it is rare for the bush to seize onto the shaft. I wonder whether it was a bit tight from the outset, or it could be that the shaft is bent, or the grease supply into the bush may be poor, e.g. no grease grooves in bush.
Once you have the bush free on the shaft you will be able to see whether the shaft has picked up in the bush, but you will not be able to assess the bush until you have stripped the prop off to remove the bush completely, or draw the shaft right out. You will almost certainly need to draw the shaft completely so you might as well get on with that. My hope would be that if the shaft/bush tolerance is indeed tight then you might be able to get a machinist to lightly skim the shaft and bush to remove any damage and then re-use it, but that will depend upon everything else being OK including the shaft being straight. Otherwise it is probably a new shaft and bush, both of which will almost certainly need to be specially made.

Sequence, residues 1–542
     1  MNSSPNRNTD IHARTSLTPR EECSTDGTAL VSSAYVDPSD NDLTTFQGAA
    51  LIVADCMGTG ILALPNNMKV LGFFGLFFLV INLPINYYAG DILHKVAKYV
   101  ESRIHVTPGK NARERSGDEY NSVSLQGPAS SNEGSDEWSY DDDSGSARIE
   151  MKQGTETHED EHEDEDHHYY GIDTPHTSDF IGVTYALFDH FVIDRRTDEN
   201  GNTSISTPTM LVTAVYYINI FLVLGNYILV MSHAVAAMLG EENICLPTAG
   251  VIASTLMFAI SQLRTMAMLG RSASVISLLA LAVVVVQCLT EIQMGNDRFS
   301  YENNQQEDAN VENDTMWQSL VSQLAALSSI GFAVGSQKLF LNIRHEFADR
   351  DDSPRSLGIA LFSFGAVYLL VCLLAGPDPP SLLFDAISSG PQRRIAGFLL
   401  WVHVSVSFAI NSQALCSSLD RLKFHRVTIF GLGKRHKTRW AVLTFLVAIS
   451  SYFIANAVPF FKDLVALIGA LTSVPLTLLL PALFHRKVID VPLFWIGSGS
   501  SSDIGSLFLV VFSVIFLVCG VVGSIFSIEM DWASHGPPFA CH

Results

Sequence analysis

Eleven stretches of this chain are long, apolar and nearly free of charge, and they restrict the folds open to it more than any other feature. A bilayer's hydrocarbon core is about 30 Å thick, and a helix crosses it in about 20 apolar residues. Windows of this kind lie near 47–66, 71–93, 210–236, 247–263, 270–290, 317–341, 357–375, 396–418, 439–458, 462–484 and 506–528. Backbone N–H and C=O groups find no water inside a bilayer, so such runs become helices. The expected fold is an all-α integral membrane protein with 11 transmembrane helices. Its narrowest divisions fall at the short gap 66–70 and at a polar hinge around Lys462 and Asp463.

Thanks Peter, Richard, Balliol. I managed to get the shaft out with the seized bush - see photo. I'd be interested in any further comments, - I obviously need to get a new bush/cutlass bearing - not sure what other things may be needed - thoughts?
The stern tubes I have seen are a tube threaded at each end. Screwed to each end are the outer cutlas bearing Paul has photoed and on the inside a seal to stop water entering. The prop shaft floats within the seal and the cutlass bearing and if uncoupled from the gearbox coupling can be extracted through the stern tube ( provided the rudder doesn't interfere)